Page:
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Declaration of
Activities in the
Manifest file

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What is Manifest File?
• Every Activity has to be declared in the Manifest
file - otherwise “Activity Not Found” error condition
occurs
<?xml version="1.0" encoding="utf-8"?>
<manifest . . . >
<application . . . >
<activity android:name="com.example.project.FreneticActivity"
android:icon="@drawable/small_pic.png"
android:label="@string/freneticLabel"
... >
</activity>
...
</application>
</manifest>

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Activity Lifecycle

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An Activity has three states
• Active or running
> When it is in the foreground of the screen (at the top
of the activity stack for the current task).
> This is the activity that is the focus for the user's
actions.
• Paused
> If it has lost focus but is still visible to the user.
> That is, another activity lies on top of it and that
activity either is transparent or doesn't cover the full
screen, so some of the paused activity can show
through.
> A paused activity is completely alive (it maintains all
state and member information and remains attached
to the window manager), but can be killed by the
system in extreme low memory situations. 14
An Activity has three states
• Stopped
> If it is completely obscured by another activity.
> It still retains all state and member information.
> However, it is no longer visible to the user so its
window is hidden and it will often be killed by the
system when memory is needed elsewhere.

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State Transition Callback Methods
• As an activity transitions from state to state, it is
notified of the change by calls to the following
protected methods:
> void onCreate(Bundle savedInstanceState)
> void onStart()
> void onRestart()
> void onResume()
> void onPause()
> void onStop()
> void onDestroy()
• All activities must implement onCreate() to do the
initial setup when the object is first instantiated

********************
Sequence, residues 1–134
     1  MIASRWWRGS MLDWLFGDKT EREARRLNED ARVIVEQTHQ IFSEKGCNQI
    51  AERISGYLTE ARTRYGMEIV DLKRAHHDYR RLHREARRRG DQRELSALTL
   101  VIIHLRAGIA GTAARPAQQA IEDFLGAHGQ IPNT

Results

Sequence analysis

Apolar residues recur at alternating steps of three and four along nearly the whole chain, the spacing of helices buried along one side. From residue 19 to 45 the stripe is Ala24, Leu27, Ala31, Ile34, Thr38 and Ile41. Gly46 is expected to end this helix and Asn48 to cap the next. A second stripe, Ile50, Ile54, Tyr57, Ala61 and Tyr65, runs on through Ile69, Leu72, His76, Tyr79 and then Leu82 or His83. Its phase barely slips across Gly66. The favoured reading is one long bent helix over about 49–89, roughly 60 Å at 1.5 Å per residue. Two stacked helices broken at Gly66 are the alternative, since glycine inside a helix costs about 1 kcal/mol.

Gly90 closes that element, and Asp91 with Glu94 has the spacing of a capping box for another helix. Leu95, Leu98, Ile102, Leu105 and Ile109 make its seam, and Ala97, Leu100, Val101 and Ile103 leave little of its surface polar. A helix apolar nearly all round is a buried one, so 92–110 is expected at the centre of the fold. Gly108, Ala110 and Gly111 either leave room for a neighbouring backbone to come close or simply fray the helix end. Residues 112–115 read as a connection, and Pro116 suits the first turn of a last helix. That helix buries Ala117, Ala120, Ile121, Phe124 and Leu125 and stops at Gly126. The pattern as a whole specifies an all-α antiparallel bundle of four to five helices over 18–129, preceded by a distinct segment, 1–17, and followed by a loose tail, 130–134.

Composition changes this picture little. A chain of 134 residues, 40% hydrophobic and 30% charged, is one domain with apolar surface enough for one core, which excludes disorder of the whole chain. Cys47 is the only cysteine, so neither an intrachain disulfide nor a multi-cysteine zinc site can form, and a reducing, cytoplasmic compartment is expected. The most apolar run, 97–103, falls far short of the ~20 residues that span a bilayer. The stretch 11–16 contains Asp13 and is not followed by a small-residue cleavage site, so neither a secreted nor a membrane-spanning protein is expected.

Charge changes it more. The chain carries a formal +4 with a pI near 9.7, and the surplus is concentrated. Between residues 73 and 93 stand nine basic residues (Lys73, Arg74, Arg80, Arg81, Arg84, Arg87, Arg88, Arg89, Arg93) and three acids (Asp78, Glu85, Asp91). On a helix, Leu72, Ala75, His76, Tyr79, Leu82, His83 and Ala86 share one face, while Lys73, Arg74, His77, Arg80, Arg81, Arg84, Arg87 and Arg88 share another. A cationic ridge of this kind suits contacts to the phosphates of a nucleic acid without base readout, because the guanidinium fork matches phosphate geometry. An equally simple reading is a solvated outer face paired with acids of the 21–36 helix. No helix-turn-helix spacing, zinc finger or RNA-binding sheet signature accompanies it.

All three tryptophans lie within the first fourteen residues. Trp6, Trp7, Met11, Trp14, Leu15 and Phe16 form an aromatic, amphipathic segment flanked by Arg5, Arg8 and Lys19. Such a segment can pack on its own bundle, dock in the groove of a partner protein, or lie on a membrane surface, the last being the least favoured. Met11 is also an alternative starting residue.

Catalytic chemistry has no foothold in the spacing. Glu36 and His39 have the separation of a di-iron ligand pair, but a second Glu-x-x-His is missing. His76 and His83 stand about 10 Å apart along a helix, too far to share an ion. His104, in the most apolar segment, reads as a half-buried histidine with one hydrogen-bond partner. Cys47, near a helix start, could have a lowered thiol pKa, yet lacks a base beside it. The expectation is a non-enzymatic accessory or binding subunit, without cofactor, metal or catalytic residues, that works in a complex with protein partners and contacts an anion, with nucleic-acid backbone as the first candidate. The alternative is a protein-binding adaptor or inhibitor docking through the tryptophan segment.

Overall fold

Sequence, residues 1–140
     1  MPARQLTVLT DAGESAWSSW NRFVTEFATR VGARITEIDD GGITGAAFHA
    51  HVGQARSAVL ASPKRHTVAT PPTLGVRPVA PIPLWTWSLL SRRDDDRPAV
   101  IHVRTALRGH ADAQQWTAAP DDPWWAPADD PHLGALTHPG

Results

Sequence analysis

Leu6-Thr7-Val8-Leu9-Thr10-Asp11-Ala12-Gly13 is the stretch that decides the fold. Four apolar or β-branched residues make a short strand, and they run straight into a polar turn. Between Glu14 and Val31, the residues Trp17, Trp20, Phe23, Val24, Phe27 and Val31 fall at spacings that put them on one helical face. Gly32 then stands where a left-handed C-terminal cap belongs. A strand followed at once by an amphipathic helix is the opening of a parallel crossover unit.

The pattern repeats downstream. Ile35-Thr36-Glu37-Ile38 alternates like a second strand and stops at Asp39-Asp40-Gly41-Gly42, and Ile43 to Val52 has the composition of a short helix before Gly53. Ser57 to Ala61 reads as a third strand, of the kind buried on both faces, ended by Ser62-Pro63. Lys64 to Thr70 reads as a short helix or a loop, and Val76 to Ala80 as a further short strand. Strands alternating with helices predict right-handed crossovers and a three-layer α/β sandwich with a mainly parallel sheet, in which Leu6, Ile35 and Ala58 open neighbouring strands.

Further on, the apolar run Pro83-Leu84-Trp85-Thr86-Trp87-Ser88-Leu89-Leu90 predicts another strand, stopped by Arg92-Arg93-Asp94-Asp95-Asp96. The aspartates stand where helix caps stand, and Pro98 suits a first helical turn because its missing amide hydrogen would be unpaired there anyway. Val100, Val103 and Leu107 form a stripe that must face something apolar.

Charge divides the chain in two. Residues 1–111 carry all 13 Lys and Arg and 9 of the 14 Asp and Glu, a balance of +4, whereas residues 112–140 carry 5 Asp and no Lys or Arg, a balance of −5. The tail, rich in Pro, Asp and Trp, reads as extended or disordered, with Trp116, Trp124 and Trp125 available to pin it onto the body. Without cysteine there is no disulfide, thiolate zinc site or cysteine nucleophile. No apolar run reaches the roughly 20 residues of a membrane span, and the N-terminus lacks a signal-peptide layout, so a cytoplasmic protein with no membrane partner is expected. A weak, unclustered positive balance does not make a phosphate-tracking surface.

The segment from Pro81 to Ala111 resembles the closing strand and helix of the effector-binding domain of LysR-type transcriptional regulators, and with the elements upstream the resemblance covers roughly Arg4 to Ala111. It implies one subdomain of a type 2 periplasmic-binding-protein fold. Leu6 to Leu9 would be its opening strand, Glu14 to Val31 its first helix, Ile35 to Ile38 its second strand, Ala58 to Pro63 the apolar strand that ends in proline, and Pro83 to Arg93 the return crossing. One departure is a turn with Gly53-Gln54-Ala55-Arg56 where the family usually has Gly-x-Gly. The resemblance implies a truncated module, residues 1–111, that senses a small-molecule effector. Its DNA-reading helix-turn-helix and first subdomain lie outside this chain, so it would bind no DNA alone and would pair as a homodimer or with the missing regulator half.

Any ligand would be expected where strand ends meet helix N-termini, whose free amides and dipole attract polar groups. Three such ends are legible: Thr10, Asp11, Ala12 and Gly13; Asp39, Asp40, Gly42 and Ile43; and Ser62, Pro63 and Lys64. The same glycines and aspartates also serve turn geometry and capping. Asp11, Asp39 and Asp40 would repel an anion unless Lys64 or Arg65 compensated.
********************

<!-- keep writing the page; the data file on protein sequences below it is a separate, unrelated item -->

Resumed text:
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onCreate()
• Called when the activity is first created.
• This is where you should do all of your normal
static set up
> Create views, bind data to lists, and so on.
• This method is passed a Bundle object containing
the activity's previous state, if that state was
captured
• Always followed by onStart().

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Lifecycle Lifetime
• Entire lifetime
> Between the first call to onCreate() through to a
single final call to onDestroy().
• Visible lifetime
> Between a call to onStart() until a corresponding call
to onStop()
• Foreground lifetime
> Between a call to onResume() until a corresponding
call to onPause()

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• The square rectangles
represent callback
methods you can
implement to perform
operations when the
Activity moves
between states.
• The colored ovals are
major states the
Activity can be in.

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Activity Stack

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Activity Stack
• Activities in the system are managed as an activity
stack.
• When a new activity is started, it is placed on the
top of the stack and becomes the running activity
> The previous activity always remains below it in the
stack, and will not come to the foreground again
until the new activity exits.